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UK fraud cost: £73b

Fraud costs the UK over £73 billion, says the National Fraud Authority (NFA). The NFA which runs Action Fraud has published its third Annual Fraud Indicator. It stressed that the new total does not mean fraud is on the increase, only that it’s been quantified better.

The report brings together existing estimates of fraud in the public domain, and new estimates produced by the NFA which aim to reveal areas of fraud loss that remain hidden from sight. Loss estimates to fraud by sector are:

Public – £20.3 billion (revised down from last year)
Private – £45.5 billion (in other words, about 1.4 per cent of turnover, described in the report as ‘a conservative estimate’)
Individuals – £6.1 billion
Not for profit – £1.1 billion (in other words, about 1.7 per cent of charity income).

Gaps remain and the estimates may become even higher, the NFA warns.

Identity theft  

In January 2012 the NFA surveyed a nationally representative sample of more than 4,000 UK adults online. The results revealed that 9.4 per cent had been an identity fraud victim in the previous 12 months. The overall estimated Individual loss from identity theft is totalled at £1.2 billion.

Protecting your personals
The recent launch of the NFA backed The Devil’s In Your Details campaign aims to raise awareness of the importance of protecting personal information and aims to remind the public to check that who they share their details with is genuine, whether this be on the phone, in person or online. The campaign encourages consumers to suspect anyone or anything they are uncertain about, to keep asking questions and to challenge or end an engagement if it feels uncomfortable.

Stephen Harrison Chief Executive of the NFA, said: “This new estimate is significantly higher than previous attempts to quantify the scale of the problem, due to the improvement in the quality and quantity of data available to produce an estimate of fraud loss. It does not, however, represent an increase in the level of fraud”

“Over the past year the NFA has brought the fight against fraud even closer to the heart of the Government agenda to tackle economic crime, placing it within the wider programmes against organised crime and internet enabled crime”

Read the 58-page National Fraud Authority’s Annual Fraud Indicator 2011 on the National Fraud Authority’s website.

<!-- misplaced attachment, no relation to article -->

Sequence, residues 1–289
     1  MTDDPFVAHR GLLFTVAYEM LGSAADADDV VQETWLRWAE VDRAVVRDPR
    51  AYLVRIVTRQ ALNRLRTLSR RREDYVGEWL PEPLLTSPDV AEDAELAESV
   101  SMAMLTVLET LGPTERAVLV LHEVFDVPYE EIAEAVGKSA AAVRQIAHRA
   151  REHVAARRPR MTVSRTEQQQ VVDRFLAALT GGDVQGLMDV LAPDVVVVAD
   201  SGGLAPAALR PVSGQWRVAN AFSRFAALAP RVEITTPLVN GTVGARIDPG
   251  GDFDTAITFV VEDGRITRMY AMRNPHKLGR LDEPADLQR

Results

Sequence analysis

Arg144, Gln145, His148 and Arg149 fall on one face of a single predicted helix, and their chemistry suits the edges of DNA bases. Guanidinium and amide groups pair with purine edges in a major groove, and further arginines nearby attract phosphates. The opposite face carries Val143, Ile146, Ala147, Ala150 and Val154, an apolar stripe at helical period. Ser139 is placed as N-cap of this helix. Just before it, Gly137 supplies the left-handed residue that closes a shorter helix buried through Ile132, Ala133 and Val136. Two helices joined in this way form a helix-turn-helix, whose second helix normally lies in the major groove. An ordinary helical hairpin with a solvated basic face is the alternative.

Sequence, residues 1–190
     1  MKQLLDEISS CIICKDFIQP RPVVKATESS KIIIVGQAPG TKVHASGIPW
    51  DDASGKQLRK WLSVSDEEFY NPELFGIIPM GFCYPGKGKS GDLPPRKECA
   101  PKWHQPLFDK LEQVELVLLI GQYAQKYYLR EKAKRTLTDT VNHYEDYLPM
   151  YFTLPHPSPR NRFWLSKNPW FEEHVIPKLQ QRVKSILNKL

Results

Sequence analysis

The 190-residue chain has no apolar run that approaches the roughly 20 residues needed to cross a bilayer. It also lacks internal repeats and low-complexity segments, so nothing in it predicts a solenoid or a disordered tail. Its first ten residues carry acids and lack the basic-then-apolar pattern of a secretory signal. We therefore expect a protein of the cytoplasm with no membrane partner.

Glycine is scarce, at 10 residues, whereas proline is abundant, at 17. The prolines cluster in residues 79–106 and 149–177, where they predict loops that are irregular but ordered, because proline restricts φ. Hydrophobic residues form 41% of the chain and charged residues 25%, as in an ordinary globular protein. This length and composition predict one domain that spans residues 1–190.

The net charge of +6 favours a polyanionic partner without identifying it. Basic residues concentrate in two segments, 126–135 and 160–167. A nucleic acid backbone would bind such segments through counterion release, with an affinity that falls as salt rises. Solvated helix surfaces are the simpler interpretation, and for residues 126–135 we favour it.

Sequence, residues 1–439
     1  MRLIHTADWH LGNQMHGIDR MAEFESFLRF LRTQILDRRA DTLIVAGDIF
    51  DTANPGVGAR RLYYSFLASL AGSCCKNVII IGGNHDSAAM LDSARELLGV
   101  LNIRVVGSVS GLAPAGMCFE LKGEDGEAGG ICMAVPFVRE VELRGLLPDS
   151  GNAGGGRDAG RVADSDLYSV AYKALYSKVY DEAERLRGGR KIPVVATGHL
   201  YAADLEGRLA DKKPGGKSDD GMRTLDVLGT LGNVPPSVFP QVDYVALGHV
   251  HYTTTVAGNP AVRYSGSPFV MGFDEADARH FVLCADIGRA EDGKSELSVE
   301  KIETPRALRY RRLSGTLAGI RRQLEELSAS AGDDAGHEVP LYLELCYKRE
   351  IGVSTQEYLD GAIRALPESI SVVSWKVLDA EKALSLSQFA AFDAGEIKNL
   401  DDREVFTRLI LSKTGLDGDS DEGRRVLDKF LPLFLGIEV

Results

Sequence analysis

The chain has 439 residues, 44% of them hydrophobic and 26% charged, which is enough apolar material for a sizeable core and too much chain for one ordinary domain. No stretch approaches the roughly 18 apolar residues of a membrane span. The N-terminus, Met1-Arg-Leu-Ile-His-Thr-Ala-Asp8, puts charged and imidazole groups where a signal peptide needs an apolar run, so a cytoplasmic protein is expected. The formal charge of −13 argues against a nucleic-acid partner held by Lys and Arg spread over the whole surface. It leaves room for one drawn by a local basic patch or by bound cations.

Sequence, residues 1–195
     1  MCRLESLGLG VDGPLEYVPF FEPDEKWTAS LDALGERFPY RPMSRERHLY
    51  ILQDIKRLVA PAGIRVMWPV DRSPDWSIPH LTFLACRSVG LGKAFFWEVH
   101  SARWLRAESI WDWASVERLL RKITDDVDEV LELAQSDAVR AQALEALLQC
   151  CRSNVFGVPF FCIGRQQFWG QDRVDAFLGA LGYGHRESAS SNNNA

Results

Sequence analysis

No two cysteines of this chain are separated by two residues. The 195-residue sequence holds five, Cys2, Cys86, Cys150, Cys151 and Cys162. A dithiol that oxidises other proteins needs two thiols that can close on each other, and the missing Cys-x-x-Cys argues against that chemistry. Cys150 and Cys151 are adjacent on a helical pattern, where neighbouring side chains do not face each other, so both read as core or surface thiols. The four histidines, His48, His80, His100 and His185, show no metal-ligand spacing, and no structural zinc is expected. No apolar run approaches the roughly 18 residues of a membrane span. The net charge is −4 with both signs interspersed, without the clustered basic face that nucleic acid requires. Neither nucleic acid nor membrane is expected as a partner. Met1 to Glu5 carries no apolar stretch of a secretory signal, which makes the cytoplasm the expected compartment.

Often thought of as a ‘victimless’ crime, the report shows the extent to which fraud touches all sectors of society – from big business to the most vulnerable individuals. The report goes through (in alphabetical order) frauds to do with expenses, insurance fraud and staged motor accidents, pensions, private rental property, recruitment, banking, student finance, tax credits, telecoms, even transport fare evasion.

The authorities have sought to put the best spin on the sharp upward rise in the estimated loss, saying this demonstrates the success of the NFA and its partners in uncovering losses which were previously hidden, helping organisations to actively prevent this type of crime.

Stephen Harrison chief executive of the NFA said: ‘From large businesses and high street retailers to pensioners in their own homes, we are all at risk of becoming victims of fraud. It is often a hidden crime but it can have devastating consequences.

‘But fraud can be beaten and we are building the tools to hit back. The AFI allows us to target resources in the areas worst hit. It gives a sense of the real size of the problem and helps raise awareness, incentivising us all to better protect ourselves.

‘Last year we launched Fighting Fraud Together in partnership with business and the voluntary and public sectors to reduce fraud increase intelligence sharing and bring more criminals to justice.’

James Brokenshire Minister for Crime and Security said: ‘For too long fraud has almost been seen as a victimless crime. It isn’t – it is used by serious criminals to fund anything from human trafficking to drug dealing and too often victims are some of the most vulnerable members of our community.

‘Today’s report helps us understand the scale and nature of the threat, including a £20billion cost to the public sector. Ripping off the taxpayer will simply not be tolerated. The government’s strategy to reduce fraud is already producing results – this includes Fighting Fraud Together which allows us to better target, prosecute and prevent fraud.

‘Fraud by organised crime groups is estimated to cost at least £10 billion. The new Economic Crime Command in the National Crime Agency will provide a more effective and co-ordinated response to deal with fraudsters and other serious criminals.’


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